The exemplary software application discussed herein is a driver, such as the Network Load Balancing (“NLB”) driver, which operates within servers at the Network Layer of the OSI reference model to provide load balancing of IP-based communications such as network packets. The NLB driver sits above the network interface card (and miniport driver) and below the protocols (for example, TCP/IP), applications, etc. that sit higher up in the OSI reference model. An NLB driver allows individual servers to receive relevant network packets based on predetermined parameters, so individual servers are not overwhelmed by the task of processing the large number of packets received from multiple client-side applications.

A software application is sandwiched between first and second sets of computer-executable instructions in the stack-based computing environment. In one exemplary scenario, the first and second sets of computer-executable instructions are Network Device Interface Specification (“NDIS”) filter drivers. Each NDIS filter driver is aware of its respective position in the communication protocol stack and is in communication with the NLB driver.

Once the first and second set of computer-executable instructions have been set up to logically “sandwich” the software application, one or both sets of computer-executable instructions are executed to simulate inputs to the software application. The instance of the filter driver logically below the NLB driver (referred to as the “lower instance” of the filter driver) may generate packets from particular IP addresses, or register for filtering hooks that are communicated to the NLB. The NLB driver processes received packets, and the instance of the filter driver logically above the NLB driver (referred to as the “upper instance” of the filter driver) then verifies expected behavior of the NLB driver. Similarly, the upper instance of the filter driver may generate packets from particular IP addresses, or register for filtering hooks that are communicated to the NLB driver, and the lower instance of the filter driver can verify the expected behavior of the NLB driver. In another example, the upper and lower instances of the filter driver may cooperate to measure how long it takes for the NLB driver to process packets or perform other operations.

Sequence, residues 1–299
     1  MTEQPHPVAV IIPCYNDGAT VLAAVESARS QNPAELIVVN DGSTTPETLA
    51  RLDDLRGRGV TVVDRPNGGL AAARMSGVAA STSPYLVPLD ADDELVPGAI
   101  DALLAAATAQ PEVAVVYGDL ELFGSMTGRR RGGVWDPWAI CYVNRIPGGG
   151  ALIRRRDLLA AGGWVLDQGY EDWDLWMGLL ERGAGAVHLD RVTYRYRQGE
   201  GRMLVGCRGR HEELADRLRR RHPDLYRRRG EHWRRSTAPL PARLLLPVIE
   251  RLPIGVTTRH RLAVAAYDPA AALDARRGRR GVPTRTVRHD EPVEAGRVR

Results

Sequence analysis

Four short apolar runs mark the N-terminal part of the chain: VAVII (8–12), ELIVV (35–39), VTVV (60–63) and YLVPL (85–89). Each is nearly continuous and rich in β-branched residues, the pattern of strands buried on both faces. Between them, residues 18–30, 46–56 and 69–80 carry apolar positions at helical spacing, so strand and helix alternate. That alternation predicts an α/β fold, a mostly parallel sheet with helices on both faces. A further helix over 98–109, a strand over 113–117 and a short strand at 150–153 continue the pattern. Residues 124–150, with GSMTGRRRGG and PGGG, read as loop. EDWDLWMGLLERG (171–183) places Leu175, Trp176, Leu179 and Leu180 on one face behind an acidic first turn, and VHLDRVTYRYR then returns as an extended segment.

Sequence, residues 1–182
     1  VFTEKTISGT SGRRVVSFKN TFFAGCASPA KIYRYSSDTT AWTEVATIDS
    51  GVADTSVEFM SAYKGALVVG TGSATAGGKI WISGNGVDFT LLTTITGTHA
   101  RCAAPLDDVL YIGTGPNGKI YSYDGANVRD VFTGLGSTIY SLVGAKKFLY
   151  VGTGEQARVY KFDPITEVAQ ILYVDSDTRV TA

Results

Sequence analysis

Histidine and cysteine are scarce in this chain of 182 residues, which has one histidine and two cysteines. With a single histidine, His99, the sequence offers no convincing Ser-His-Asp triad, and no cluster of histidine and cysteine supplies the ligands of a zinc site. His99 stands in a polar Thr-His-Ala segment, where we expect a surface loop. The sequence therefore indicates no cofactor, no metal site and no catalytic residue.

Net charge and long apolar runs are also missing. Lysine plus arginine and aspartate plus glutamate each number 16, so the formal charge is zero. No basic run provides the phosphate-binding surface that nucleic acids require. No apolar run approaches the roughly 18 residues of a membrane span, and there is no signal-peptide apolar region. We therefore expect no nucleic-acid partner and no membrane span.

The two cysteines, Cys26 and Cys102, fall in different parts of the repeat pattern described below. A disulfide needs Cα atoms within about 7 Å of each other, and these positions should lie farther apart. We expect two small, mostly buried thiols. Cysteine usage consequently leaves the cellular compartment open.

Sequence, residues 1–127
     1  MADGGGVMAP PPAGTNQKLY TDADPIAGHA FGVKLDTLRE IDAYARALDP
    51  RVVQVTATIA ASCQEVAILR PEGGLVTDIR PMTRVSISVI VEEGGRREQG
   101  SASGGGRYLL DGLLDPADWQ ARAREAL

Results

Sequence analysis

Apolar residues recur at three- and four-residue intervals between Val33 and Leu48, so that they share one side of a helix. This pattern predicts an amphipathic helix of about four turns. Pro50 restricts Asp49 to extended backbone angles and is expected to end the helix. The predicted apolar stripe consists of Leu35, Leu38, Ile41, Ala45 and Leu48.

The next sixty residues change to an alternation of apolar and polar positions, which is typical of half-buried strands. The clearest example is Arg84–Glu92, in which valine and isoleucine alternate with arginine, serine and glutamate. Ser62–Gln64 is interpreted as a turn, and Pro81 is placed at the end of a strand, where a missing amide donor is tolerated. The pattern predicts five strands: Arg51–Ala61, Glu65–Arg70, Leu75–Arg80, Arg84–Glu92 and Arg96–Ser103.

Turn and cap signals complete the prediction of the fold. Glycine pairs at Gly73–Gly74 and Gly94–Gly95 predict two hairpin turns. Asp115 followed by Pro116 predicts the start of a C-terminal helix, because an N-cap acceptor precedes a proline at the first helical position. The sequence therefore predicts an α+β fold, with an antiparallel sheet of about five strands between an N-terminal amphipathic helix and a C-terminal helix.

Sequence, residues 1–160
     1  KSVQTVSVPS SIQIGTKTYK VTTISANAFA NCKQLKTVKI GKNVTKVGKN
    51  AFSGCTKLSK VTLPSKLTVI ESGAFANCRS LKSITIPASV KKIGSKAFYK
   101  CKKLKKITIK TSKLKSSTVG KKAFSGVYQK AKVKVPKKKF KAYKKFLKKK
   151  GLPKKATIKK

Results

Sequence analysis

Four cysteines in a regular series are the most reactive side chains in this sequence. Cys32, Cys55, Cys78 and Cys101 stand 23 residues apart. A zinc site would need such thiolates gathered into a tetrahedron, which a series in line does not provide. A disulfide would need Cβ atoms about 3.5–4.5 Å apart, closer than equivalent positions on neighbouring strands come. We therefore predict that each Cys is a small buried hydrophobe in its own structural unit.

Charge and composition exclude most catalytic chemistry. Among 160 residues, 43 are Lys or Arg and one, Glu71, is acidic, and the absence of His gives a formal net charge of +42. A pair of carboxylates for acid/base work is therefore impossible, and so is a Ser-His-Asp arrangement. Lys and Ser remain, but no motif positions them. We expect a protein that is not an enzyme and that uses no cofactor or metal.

Virtually unlimited tests and types thereof can be performed on the software application without the use of extensive test infrastructure. User input may be considered to determine which configurations, simulated inputs, and/or tests should be selected. Alternatively, testing can be fully automated and performed according to any desired schedule.

Turning to the drawings, where like numerals designate like components, FIG. 1 is a simplified functional block diagram of an architecture 100 for testing a software application 101 that is executable in a stack-based environment 104. Software application 101 generally occupies and/or or affects a predetermined position 120 in stack-based computing environment 104.

Stack-based computing environment 104 may be any type of stack-based environment, for example, a distributed computer system or network environment, such as client-server system, or a single-computer system. Generally, execution of software application 101 affects contents of a logical or physical stack.

One type of logical stack is a communication protocol stack. A communication protocol stack is a set of protocols used for communicating via a network. Generally, the protocols are implemented by a prescribed hierarchy of software layers used by both clients and servers for the transmission of data—with lower layers providing predefined services and information to upper layers. Protocols govern how information regarding the organization and contents of network packets is communicated between devices. Many devices and software filter packets according to specific criteria or parameters.

The layered approach allows the substitution of different protocols to accommodate different network architectures. Examples of communication protocol stacks include layers of protocols associated with the TCP/IP reference model, and layers of protocols associated with the Open Systems Interconnection (“OSI”) reference model. The OSI reference model, which is discussed herein, has seven logical layers: layer 1, the Physical Layer; layer 2, the Data Link Layer; layer 3, the Network Layer; layer 4, the Transport Layer; layer 5, the Session Layer; layer 6, the Presentation Layer; and layer 7, the Application Layer.

Software application 101 represents a computer program having computer-executable instructions, in any form or format, arranged to perform one or more data processing operations 190 having certain expected results. Software application may have one or more configurations/parameters 112, which can be stored in an information repository such as a computer-readable medium (computer-readable media are discussed further below, in connection with FIG. 3). Configurations/parameters 112 are used to determine what, how, and when information should be processed by software application 101.